The couple’s makeshift efforts to create a home that suits Atticus’ needs have gotten them by, but they often worry about accidentally hurting him, and exactly how they’d get him out of the house if there were ever an emergency. Luckily, their new Habitat home will provide more space for his equipment, any stairs will be accompanied by a ramp or special lift, and all of the hallways and doorframes will be made wide enough to accommodate his wheelchair, which Melissa and Terence often struggle with in their current home.
Building a more accessible Habitat home
“Even if we were able to save for a down payment, we’d never be able to make our home as accessible as Habitat Durham has,” Melissa says.
Building a house that’s more suitable for Atticus is top priority, but Melissa believes their new home will benefit their younger son Toby just as much. Not only will both of the boys have rooms of their own — providing more space for Toby to play — but with a larger, more accessible bathroom, he’ll be able to stand right next to his mother while she bathes Atticus, since he likes to squeeze in to help.
“Then there’s just how positive and happy Terence and I will feel,” Melissa says, sounding excited and hopeful about her family’s future. “I think the whole energy will be good for everyone.”
When talking to Melissa it’s not hard to believe that the large majority of Habitat homeowners report being happier after moving into their new home. For her, that change in attitude is already evident — when she switches from discussing her family’s struggles to care for Atticus and save for a home to their present partnership with Habitat Durham, there’s a very noticeable shift in her tone of voice.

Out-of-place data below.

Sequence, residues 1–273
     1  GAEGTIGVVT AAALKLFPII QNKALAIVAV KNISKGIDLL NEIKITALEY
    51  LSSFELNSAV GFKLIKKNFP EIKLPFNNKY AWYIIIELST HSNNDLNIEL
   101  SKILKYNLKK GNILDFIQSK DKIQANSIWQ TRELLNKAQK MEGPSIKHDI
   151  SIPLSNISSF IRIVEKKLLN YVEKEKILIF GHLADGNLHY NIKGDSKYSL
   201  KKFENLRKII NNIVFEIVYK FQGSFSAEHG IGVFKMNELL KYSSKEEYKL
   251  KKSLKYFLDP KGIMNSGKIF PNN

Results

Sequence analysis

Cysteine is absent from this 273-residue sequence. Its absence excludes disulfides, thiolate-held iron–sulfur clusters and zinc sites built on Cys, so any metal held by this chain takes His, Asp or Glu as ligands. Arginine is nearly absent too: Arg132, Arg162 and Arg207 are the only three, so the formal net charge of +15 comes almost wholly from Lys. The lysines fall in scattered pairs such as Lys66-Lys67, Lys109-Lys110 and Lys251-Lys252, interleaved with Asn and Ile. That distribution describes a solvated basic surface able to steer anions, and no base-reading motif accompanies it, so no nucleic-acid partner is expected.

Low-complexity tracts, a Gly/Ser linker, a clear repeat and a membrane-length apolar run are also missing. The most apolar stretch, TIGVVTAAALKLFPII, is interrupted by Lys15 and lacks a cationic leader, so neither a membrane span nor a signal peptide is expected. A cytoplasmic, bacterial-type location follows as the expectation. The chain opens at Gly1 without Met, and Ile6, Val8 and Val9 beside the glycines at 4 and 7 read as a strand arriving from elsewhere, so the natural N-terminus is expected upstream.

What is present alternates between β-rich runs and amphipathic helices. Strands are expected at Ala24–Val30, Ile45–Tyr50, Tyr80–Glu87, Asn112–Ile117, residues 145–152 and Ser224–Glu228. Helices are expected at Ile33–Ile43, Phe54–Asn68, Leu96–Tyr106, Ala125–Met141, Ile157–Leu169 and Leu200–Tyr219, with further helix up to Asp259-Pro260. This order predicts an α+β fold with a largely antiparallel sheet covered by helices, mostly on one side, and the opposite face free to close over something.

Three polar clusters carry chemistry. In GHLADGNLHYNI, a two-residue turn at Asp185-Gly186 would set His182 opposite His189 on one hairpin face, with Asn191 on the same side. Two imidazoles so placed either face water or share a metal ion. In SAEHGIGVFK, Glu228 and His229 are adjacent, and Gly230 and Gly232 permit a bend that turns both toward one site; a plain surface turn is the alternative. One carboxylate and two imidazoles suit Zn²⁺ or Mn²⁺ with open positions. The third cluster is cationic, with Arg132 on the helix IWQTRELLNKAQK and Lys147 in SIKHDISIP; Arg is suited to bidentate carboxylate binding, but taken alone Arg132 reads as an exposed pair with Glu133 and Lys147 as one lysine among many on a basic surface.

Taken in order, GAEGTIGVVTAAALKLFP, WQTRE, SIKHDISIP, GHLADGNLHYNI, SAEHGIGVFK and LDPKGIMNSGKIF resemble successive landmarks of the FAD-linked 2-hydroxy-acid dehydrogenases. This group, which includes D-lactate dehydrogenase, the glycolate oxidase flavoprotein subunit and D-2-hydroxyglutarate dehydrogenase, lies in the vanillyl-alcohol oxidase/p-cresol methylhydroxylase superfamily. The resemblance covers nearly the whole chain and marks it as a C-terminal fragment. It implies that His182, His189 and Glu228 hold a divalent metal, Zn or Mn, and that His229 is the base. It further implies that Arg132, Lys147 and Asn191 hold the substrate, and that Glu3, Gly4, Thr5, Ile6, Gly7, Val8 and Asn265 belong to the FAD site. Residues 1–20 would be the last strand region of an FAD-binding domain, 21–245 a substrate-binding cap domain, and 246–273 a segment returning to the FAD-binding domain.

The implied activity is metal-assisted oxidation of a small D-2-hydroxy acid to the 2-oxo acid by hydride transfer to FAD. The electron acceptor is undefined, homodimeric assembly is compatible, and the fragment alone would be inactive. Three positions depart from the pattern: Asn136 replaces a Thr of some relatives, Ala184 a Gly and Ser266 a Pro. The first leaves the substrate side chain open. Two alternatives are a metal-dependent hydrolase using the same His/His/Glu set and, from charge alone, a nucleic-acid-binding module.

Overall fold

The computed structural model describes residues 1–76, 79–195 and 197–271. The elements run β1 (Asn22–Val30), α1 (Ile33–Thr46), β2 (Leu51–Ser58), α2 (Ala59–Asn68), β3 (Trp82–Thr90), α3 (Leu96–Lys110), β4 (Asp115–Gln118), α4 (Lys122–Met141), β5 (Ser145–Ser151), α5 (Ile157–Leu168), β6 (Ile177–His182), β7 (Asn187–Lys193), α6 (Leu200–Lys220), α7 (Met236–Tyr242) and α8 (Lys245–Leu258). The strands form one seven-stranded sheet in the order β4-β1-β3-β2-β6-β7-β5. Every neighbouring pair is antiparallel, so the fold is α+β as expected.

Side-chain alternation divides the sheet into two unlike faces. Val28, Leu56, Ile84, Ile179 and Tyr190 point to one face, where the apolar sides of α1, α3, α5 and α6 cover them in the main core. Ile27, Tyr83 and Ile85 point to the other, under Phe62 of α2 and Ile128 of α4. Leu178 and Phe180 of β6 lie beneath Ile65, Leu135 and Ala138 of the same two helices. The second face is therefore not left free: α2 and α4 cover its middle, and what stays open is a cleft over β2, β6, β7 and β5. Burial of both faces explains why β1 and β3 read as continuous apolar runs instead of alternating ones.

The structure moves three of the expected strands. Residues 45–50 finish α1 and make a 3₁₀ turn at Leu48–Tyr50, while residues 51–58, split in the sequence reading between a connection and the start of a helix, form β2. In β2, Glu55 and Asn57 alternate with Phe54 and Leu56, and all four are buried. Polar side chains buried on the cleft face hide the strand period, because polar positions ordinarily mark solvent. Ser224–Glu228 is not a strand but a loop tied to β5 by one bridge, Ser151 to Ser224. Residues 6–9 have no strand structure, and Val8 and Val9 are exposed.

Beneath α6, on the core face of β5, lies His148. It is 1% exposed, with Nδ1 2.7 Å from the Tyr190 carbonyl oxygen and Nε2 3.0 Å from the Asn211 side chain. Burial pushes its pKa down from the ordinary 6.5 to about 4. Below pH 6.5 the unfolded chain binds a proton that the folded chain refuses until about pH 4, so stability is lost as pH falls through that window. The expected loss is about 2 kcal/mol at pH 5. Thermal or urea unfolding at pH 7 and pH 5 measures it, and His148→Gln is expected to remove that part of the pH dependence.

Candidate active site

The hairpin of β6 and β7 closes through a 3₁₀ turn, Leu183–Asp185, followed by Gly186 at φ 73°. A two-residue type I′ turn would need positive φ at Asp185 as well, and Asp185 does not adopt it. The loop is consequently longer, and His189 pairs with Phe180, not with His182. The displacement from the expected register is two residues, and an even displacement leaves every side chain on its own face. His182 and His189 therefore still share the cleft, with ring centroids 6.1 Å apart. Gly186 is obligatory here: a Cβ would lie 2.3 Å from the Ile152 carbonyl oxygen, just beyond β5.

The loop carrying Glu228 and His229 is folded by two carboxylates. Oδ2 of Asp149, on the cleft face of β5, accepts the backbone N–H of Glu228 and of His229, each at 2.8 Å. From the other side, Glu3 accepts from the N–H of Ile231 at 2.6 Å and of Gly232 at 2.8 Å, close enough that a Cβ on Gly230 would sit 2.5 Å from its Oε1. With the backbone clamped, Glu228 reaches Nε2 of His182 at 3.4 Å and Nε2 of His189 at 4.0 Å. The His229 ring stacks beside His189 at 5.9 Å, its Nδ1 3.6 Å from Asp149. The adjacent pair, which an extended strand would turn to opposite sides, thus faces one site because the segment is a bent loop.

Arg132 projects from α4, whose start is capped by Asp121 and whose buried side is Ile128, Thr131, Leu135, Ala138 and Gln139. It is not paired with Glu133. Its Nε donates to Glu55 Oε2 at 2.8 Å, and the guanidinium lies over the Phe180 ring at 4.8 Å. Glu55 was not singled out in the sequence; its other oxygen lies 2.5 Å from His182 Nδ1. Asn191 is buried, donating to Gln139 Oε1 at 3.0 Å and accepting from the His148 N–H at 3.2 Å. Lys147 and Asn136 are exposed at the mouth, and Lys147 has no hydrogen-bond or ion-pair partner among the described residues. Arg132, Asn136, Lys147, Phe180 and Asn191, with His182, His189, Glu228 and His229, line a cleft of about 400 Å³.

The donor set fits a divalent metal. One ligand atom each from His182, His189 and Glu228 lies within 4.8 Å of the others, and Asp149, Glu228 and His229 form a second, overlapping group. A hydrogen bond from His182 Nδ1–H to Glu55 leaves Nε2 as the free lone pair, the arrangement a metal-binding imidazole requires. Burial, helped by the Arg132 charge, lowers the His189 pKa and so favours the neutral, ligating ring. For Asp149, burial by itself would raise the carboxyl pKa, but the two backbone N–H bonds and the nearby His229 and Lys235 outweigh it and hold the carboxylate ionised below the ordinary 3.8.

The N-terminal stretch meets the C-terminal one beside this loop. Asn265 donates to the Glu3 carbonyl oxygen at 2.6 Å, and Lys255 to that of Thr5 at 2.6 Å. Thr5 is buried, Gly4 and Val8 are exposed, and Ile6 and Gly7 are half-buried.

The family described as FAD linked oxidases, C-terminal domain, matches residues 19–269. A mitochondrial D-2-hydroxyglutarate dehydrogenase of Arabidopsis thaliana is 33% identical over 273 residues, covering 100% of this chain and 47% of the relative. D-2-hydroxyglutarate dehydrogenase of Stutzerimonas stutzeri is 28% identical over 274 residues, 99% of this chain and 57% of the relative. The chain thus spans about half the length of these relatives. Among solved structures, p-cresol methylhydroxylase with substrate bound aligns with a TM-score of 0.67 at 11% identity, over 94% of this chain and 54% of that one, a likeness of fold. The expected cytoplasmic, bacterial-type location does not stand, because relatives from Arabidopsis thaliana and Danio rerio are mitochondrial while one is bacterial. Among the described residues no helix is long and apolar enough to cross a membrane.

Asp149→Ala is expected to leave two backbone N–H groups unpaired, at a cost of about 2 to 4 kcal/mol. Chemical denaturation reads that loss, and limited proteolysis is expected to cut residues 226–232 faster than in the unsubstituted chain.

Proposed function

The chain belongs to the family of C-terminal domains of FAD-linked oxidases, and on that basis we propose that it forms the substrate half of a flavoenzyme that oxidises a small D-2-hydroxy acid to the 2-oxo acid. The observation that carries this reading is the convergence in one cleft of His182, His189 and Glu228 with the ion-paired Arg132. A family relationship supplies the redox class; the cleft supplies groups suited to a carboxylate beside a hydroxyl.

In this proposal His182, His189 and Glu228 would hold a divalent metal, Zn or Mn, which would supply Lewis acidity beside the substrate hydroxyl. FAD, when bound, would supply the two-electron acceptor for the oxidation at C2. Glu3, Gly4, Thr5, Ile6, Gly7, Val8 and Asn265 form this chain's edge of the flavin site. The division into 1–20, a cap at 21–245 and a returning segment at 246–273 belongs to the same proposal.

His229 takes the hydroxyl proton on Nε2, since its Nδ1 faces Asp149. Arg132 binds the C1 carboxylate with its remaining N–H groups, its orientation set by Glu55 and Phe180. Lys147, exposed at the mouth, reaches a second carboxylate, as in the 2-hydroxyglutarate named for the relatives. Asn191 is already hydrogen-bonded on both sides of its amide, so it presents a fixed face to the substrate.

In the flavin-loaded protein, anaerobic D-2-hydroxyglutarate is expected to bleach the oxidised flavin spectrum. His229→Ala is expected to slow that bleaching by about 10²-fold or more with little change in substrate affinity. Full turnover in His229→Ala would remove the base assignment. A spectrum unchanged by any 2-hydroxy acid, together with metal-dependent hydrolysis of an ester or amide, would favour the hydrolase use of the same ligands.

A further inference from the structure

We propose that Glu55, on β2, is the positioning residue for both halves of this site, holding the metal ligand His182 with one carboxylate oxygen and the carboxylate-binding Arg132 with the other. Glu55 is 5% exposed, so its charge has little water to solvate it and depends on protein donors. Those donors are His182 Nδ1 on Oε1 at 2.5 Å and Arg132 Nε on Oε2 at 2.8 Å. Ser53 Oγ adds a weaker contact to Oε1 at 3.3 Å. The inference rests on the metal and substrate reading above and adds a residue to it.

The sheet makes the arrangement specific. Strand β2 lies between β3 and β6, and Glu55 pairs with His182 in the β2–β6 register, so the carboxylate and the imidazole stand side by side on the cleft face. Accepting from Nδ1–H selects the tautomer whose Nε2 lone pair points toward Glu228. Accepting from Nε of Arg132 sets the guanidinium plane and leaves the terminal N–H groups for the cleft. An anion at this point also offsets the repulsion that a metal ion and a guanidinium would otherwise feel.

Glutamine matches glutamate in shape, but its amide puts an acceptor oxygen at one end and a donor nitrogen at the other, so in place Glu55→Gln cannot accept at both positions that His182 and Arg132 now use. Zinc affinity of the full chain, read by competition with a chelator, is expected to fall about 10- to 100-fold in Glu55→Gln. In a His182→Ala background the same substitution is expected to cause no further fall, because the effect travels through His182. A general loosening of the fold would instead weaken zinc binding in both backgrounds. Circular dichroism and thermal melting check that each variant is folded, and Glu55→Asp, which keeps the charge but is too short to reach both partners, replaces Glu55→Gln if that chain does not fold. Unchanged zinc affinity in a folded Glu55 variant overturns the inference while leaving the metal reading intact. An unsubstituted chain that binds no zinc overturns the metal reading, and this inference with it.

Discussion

“We’ve struggled for years now, and everyone we’ve worked with through Habitat is so encouraging,” she says. While building the house and volunteering at the ReStore, Terence and Melissa have worked alongside friends, neighbours, faculty from Atticus’ school and other local volunteers. According to Melissa, the community support they’ve received as they’ve witnessed a slab of concrete slowly transform into a livable structure has been one of the best elements of partnering with Habitat.
“There’s a real feeling of inclusion, like you’re part of a family, like nothing’s impossible. Everyone at Habitat has hope in us and that gives us hope — and that’s something we haven’t had in awhile.”